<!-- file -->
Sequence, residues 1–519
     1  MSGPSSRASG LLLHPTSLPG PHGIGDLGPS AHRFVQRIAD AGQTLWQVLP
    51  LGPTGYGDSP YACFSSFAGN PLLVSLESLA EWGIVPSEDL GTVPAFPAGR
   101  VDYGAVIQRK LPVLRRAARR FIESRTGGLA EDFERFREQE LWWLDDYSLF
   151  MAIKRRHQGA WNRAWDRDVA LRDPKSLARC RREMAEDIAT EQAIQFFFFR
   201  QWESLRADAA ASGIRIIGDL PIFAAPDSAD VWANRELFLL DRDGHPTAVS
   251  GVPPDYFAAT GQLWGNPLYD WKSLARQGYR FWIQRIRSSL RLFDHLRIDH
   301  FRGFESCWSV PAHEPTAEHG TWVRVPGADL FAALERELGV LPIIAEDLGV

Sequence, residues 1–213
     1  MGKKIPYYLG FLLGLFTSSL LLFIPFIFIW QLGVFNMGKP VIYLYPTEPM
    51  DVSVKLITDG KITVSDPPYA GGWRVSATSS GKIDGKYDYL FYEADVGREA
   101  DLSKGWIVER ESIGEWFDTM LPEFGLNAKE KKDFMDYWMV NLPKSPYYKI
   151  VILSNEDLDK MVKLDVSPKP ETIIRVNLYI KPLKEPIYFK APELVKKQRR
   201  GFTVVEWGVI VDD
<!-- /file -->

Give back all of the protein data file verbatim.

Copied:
Sequence, residues 1–519
     1  MSGPSSRASG LLLHPTSLPG PHGIGDLGPS AHRFVQRIAD AGQTLWQVLP
    51  LGPTGYGDSP YACFSSFAGN PLLVSLESLA EWGIVPSEDL GTVPAFPAGR
   101  VDYGAVIQRK LPVLRRAARR FIESRTGGLA EDFERFREQE LWWLDDYSLF
   151  MAIKRRHQGA WNRAWDRDVA LRDPKSLARC RREMAEDIAT EQAIQFFFFR
   201  QWESLRADAA ASGIRIIGDL PIFAAPDSAD VWANRELFLL DRDGHPTAVS
   251  GVPPDYFAAT GQLWGNPLYD WKSLARQGYR FWIQRIRSSL RLFDHLRIDH
   301  FRGFESCWSV PAHEPTAEHG TWVRVPGADL FAALERELGV LPIIAEDLGV

Sequence, residues 1–213
     1  MGKKIPYYLG FLLGLFTSSL LLFIPFIFIW QLGVFNMGKP VIYLYPTEPM
    51  DVSVKLITDG KITVSDPPYA GGWRVSATSS GKIDGKYDYL FYEADVGREA
   101  DLSKGWIVER ESIGEWFDTM LPEFGLNAKE KKDFMDYWMV NLPKSPYYKI
   151  VILSNEDLDK MVKLDVSPKP ETIIRVNLYI KPLKEPIYFK APELVKKQRR
   201  GFTVVEWGVI VDD